It's a battle of the behemoths. In one corner sits Pfizer Inc. (NYSE:PFE), America's largest pharmaceutical company. In the opposite corner, we have Johnson & Johnson (NYSE:JNJ), the world's largest healthcare company.
Both would make fine additions to any portfolio, but which stock is the better pick right now? To find out, we'll look at a few important features to consider when shopping for dividend-paying big pharma stocks and see which one comes out ahead.
On the rise
Both companies sport successful new cancer therapies. Pfizer's Ibrance didn't earn Food and Drug Administration approval until 2015, but first-quarter sales of the breast cancer therapy put it on pace to reach $2.7 billion this year. If all goes as expected, it could add $5 billion to the company's top line each year at its peak.
At Johnson & Johnson, revenue from a star leukemia therapy continues to surge. First-quarter sales of Imbruvica rose 57% over the prior-year period to an annualized run rate of $1.6 billion. More recently launched Darzalex jumped 152% in the first quarter to a $1 billion run rate. Granted, that's relatively small potatoes for the healthcare giant, but some industry watchers are predicting over $9 billion in annual sales for the multiple myeloma therapy at its peak.
Outside the oncology sphere, both companies have successfully launched new oral anticoagulants that are quickly replacing the use of old-school warfarin. In the first quarter, Pfizer's share of Eliquis revenue popped 51% to a $2.3 billion run rate. Although J&J's blood thinner of the same class finished the first quarter on pace to generate $2.1 billion in sales this year, Xarelto revenue actually slid 9% lower than the same period last year. I'd be surprised if it doesn't continue its upward march, though a majority of patients in need of drugs like Xarelto and Eliquis haven't made the switch from warfarin yet.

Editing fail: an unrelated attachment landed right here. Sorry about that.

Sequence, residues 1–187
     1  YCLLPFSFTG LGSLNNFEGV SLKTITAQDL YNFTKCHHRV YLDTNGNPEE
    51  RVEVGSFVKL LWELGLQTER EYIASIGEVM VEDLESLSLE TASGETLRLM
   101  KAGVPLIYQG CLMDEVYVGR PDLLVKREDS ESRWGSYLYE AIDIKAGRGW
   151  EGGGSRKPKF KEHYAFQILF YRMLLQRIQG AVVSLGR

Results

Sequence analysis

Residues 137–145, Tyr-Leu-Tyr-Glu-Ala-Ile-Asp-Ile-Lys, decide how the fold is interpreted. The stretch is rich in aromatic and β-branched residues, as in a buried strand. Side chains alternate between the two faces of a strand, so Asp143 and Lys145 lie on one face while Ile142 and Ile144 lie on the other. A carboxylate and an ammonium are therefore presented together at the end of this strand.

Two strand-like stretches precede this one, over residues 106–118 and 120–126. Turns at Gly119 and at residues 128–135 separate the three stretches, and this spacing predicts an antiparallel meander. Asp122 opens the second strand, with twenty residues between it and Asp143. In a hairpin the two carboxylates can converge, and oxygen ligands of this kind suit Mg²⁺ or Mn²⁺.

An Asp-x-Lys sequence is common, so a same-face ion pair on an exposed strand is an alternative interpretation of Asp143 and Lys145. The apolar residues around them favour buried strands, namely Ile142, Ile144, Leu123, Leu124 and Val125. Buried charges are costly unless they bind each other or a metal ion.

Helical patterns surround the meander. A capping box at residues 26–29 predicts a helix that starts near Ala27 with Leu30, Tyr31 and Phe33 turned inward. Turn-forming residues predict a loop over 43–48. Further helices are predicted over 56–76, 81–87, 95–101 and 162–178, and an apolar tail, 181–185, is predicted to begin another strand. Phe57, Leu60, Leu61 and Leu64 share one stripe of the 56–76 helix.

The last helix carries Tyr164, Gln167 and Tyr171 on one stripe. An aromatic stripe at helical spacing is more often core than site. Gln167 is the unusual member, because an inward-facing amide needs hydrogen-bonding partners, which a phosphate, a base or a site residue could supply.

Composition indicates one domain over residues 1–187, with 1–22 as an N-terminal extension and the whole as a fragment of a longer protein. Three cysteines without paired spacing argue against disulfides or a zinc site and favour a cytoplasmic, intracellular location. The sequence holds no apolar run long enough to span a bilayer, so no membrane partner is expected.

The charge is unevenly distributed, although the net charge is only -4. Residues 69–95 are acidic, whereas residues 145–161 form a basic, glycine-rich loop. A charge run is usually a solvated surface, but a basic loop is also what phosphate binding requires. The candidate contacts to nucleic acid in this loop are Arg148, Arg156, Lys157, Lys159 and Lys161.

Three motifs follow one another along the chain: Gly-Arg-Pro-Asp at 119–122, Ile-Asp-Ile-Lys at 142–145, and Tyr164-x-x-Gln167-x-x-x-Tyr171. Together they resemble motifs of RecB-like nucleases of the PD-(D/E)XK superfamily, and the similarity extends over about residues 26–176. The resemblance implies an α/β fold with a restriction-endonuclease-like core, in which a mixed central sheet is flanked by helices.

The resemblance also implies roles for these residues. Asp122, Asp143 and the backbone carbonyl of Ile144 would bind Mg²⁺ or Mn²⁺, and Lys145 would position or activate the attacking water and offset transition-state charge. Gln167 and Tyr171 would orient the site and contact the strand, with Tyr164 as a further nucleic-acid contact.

Looking ahead, recently launched Bavencio from Pfizer could follow in the footsteps of similar new cancer therapies that smashed through the $1 billion in annual sales blockbuster threshold in their first year post-approval. Further out, talazoparib could prove it was worth a large chunk of the $14 billion the company spent acquiring Medivation last year.
When it comes to late clinical-stage pipelines, though, J&J outshines all its big pharma peers. The company expects to launch, or at least submit applications for more than 10 new blockbuster drugs over the next four years. It also plans to keep its present lineup growing by filing more than 50 label extensions for drugs currently in commercial stages.
What goes up must come down, and both companies are facing exclusivity losses for key products. At about 9.4% of total revenue, Remicade is J&J's single largest revenue stream, but perhaps not for much longer. Biosimilar sales abroad, and more recently at home, are altering the drug's trajectory. Year-to-year sales slipped 6% lower compared to last year, and it looks like the $6.97 billion it added to the top line last year will be a high-water mark.
Pfizer's largest revenue stream has been sliding as well, but for a less frightening reason. It looks like the company's pneumonia-preventing Prevnar vaccine is a victim of a highly successful commercial launch. Now that most of America's senior citizens have been vaccinated, demand has slackened, and sales fell about 8% in the first quarter.
Prevnar revenue comprised 10.9% of Pfizer's top line during the first three months of the year, so any slackening in demand is a big deal. That said, Prevnar demand should reach an equilibrium, while incoming Remicade copycats will most likely race each other to the bottom.
Give me dividends
Both stocks are popular with income investors, but for slightly different reasons. At recent prices, Pfizer's 4% yield overshadows the 2.6% you would receive from Johnson & Johnson at recent prices, but there's more to consider.
Although Pfizer has boosted payments at a steady clip for about eight years, the latest $0.32 quarterly payment is the same amount Pfizer shareholders received in early 2009. Johnson & Johnson hasn't gone a year without raising its payout since the early '60s, and its shareholders have seen their payments outpace Pfizer's on longer timelines.
As a percentage of free cash flow, both companies used a little more than half to make their last four payments. This suggests both companies have plenty of room to continue increasing their dividends, at least in the near term.
If history repeats itself, J&J would be the better choice for long-term portfolios. Past performance doesn't guarantee future results but branded consumer goods and, to some extent, medical devices are far more predictable sources of profit than branded-drug sales. These two operating segments might not get much attention, but they still account for a majority of the conglomerate's total revenue.
There's a good chance that Pfizer shareholders might see more dividend income and capital appreciation over the next several years. Over a much longer time frame, however, I think Johnson & Johnson will lead to higher returns, and that makes it the better buy right now.